kids in the classroom

Opinion

How ESSA Accountability is Changing for the Better

Monika Kincheloe

For many, high school represents a period of about four years when lots of learning happens – both for young people and the adults who support them. The arc of the school year is pretty predictable – classes, friendships, winter break, midterms, things start to click, finals, and then at long last summer break. 

This school year, for the first time, school administrators learned whether their institution had been identified as a school in need of support under the Every Student Succeeds Act (ESSA). Being identified for comprehensive or targeted supports under federal law sets off a cascade of actions unique to each state, but there are some commonalities. There will be needs assessments, interventions planning, and in extreme cases, large-scale changes in staffing or curriculum. But before support comes the rationale for how schools were identified – something that looked different this year.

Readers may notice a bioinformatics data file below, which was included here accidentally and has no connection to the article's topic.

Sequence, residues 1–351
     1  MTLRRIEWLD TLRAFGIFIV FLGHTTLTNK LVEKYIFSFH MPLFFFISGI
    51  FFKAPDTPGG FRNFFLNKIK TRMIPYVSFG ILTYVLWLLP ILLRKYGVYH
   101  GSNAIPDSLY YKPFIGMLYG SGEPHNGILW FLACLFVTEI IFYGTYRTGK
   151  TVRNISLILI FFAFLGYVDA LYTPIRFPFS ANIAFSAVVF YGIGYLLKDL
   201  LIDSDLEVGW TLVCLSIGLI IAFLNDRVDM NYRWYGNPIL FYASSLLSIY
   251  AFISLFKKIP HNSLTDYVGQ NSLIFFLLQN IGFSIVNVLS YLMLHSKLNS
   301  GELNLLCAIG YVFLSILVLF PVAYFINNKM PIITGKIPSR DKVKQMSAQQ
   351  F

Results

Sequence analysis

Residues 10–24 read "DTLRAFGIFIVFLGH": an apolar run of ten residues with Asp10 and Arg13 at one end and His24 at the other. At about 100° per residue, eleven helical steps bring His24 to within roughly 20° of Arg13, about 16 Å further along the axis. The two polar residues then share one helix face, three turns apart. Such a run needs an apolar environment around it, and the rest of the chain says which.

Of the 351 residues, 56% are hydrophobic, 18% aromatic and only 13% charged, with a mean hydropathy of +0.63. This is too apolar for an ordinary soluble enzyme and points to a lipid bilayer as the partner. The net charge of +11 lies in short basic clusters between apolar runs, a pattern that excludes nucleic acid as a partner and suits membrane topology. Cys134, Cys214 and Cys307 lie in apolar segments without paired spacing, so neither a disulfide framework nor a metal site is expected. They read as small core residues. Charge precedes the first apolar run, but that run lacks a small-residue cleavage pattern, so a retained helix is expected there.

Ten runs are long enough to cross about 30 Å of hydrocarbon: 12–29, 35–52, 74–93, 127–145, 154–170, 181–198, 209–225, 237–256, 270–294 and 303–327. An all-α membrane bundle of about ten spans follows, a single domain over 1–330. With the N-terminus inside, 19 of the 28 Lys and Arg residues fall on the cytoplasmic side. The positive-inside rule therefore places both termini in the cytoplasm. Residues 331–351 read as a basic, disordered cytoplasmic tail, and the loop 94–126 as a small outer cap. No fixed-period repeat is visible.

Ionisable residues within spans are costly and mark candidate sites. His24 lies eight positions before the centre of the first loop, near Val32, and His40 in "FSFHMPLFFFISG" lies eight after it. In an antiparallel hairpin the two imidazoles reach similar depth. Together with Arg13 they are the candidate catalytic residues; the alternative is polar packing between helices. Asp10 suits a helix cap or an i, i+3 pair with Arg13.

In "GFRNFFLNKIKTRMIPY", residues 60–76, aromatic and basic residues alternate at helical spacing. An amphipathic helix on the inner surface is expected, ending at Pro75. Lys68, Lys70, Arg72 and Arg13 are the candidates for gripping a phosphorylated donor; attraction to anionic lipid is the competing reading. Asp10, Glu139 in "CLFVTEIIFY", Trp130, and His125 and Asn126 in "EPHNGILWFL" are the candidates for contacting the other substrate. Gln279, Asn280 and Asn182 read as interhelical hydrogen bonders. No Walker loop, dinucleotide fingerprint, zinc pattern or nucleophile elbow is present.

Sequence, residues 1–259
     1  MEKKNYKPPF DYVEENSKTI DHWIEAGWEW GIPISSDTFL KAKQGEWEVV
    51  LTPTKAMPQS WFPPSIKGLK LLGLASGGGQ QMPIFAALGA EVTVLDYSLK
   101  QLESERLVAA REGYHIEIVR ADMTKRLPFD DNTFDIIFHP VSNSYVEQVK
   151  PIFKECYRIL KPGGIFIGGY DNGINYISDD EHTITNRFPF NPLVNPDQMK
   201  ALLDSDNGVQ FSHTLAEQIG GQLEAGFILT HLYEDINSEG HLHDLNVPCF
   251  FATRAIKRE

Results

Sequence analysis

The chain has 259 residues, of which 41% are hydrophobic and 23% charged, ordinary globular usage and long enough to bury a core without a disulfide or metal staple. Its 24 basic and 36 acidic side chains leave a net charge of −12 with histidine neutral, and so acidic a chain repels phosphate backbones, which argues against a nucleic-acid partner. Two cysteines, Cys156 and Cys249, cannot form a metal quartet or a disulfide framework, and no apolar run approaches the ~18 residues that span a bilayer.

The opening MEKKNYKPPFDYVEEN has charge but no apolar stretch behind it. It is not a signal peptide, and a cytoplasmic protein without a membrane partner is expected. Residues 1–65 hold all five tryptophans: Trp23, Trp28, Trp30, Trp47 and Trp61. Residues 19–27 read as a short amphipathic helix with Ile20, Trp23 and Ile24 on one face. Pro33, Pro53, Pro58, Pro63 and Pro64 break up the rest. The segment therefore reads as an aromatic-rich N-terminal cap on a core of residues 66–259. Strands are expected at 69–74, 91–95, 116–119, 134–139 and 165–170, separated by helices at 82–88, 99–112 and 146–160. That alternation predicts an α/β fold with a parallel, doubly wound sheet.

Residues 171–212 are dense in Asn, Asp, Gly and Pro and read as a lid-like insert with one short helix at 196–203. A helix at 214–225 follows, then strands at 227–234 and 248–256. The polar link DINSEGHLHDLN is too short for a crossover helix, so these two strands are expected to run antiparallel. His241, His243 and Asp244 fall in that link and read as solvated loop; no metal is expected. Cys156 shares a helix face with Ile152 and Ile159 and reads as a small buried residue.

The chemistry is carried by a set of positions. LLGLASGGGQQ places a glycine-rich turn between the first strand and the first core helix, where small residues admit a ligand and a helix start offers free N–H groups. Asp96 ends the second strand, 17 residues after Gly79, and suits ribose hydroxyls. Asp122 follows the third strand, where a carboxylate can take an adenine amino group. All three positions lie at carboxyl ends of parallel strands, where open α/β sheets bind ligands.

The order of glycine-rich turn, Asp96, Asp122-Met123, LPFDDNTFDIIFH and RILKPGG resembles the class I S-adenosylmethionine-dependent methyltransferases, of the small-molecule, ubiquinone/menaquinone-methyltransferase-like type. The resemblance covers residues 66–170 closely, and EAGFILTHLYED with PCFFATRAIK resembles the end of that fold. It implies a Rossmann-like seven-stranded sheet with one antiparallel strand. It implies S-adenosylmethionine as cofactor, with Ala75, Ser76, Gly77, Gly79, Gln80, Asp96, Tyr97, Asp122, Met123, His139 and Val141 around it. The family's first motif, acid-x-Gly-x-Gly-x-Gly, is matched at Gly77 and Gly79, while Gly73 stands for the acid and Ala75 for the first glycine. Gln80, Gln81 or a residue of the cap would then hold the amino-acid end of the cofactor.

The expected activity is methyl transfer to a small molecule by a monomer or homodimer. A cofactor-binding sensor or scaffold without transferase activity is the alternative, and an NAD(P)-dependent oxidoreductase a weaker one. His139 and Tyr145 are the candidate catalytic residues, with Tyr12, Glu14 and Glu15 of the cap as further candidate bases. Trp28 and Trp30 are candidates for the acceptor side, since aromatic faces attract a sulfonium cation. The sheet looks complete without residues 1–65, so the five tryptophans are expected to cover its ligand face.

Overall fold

While we do not believe that focusing on academics alone is sufficient for young people’s success in school and life, we thought a good first step would be to review ESSA state plans to see how new accountability systems are shifting to reflect the high school experience. 

Changes in high school accountability

For the first time, schools are being measured by more than just standardized test performance. Schools are now assessed by their graduation rates, growth in standardized test scores, English language proficiency, and a variety of student- and school-based metrics, such as absenteeism and AP test performance. In some states, the number of metrics used to assess schools exceeds 15 criteria. In addition, any high school with a graduation rate of 67 percent or below is automatically identified for support.